The U.S. House has approved a bill that would make it harder for individuals or groups to bring legal claims against companies in consumer disputes, employment discrimination cases and other areas.
Lawmakers approved the Republican-sponsored measure, 220-201, Thursday night. The bill heads to the Senate, where its prospects are less clear.
The legislation is the latest in a flurry of business-friendly moves by Congress and the Trump administration. Changes mandated in the bill could help reduce legal costs for businesses by putting up more hurdles to bringing class-action lawsuits in federal court.
Supporters say the bill is needed to curb abuses in class-action suits that often result in a huge payday for lawyers.
"The class-action litigation system has morphed into an expensive enterprise where lawyers are often the only winners, and American businesses and consumers are the losers," said Rep. Bob Goodlatte, R-Va., chairman of the House Judiciary Committee and the bill's primary author. "Trial lawyers often profit at the expense of deserving victims."
The U.S. Chamber of Commerce, representing business interests, also supported the legislation.
Consumer groups and civil rights advocates said the bill penalizes those who have been mistreated by corporations.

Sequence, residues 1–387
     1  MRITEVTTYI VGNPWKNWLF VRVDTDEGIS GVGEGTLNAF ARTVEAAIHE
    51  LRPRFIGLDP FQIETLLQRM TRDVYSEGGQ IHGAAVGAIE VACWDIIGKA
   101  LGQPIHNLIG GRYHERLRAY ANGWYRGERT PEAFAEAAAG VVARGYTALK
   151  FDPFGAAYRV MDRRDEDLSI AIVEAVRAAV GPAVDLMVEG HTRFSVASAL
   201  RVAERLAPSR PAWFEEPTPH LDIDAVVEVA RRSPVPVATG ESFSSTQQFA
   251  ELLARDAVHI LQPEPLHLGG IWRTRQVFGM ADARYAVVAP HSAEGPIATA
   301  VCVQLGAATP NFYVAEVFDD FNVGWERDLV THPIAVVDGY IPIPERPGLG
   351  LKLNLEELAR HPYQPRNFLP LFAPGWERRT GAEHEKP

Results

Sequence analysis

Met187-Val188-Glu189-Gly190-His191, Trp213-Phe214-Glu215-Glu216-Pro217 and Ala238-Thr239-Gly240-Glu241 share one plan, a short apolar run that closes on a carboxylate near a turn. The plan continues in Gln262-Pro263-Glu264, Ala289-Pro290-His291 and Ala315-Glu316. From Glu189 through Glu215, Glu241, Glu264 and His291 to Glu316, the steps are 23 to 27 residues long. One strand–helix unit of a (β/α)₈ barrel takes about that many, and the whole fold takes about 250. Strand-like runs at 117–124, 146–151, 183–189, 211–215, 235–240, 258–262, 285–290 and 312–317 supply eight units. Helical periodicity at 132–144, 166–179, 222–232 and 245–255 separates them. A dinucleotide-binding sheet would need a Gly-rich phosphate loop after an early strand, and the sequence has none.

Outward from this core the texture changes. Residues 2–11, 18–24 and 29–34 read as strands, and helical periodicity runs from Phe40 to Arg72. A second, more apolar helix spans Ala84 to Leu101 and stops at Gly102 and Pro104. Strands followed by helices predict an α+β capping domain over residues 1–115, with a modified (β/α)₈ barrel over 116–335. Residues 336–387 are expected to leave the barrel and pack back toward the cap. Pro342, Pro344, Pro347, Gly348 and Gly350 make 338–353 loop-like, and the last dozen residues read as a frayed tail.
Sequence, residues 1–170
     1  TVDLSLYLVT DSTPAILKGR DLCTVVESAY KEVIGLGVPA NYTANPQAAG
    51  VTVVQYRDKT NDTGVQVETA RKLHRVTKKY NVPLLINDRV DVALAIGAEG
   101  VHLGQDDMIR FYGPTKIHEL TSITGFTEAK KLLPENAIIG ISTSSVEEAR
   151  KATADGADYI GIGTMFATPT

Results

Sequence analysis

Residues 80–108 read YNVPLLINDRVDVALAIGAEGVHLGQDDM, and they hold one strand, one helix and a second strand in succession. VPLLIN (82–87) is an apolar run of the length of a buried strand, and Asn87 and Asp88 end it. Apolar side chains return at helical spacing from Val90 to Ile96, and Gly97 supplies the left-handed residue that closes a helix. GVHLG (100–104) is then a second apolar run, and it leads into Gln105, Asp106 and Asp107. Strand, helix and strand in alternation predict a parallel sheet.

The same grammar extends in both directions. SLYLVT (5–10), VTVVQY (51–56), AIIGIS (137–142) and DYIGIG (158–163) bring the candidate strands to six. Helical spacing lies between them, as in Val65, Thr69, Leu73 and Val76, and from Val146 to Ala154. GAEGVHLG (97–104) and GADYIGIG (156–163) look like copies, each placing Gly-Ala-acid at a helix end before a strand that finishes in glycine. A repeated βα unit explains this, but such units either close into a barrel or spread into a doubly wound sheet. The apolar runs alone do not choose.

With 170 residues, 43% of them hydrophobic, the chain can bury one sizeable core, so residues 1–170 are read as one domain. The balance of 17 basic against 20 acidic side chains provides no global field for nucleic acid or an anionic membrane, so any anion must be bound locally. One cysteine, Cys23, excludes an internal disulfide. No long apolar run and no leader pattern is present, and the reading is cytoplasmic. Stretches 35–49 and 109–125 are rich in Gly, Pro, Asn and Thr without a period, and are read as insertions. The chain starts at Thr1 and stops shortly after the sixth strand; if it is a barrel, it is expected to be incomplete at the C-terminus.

"This devastating Republican attack on our federal and state civil courts will severely restrict the hallowed right of the American people to have their day in court when they are wrongfully injured or defrauded," said veteran consumer advocate Ralph Nader.
The bill would ensure that "judges' and juries' hands are tied by absentee politicians in Washington, greased by corporate campaign contributions," Nader said.
Nader and other critics point to a history of cases in which class-action suits enabled consumers to recoup losses and compelled companies to stop selling unsafe products. A recent example: a suit by Volkswagen owners in the U.S. who won about $11 billion in compensation from the German company in its emissions cheating scandal.
But it's also common for consumer victims in class-action settlements to walk away with minimal compensation, such as coupons or gift cards, while law firms receive multimillion-dollar payouts.
The bill would require individuals seeking to form a legal class to show that each of them suffered the same type and magnitude of personal injury or economic loss as the group's leader. Attorneys in winning class-action suits couldn't collect payment from companies until after the individuals in the class are paid.
Republican lawmakers have long cherished the idea of overhauling the legal system. They've looked to rein in trial lawyers—key campaign donors as a group to Democrats—whom they portray as greedy and abusing a system tilted toward them. Corporations and businesses, which tend to donate more heavily to Republican candidates, are championed by the GOP lawmakers as bearing excessive legal burdens and costs that raise prices for consumers.
"Today, Republicans are championing big corporations with legislation aimed at eroding class actions, an indispensable tool for citizens to hold powerful interests and big corporations accountable for their misdeeds," House Minority Leader Nancy Pelosi, D-Calif., said in a written statement.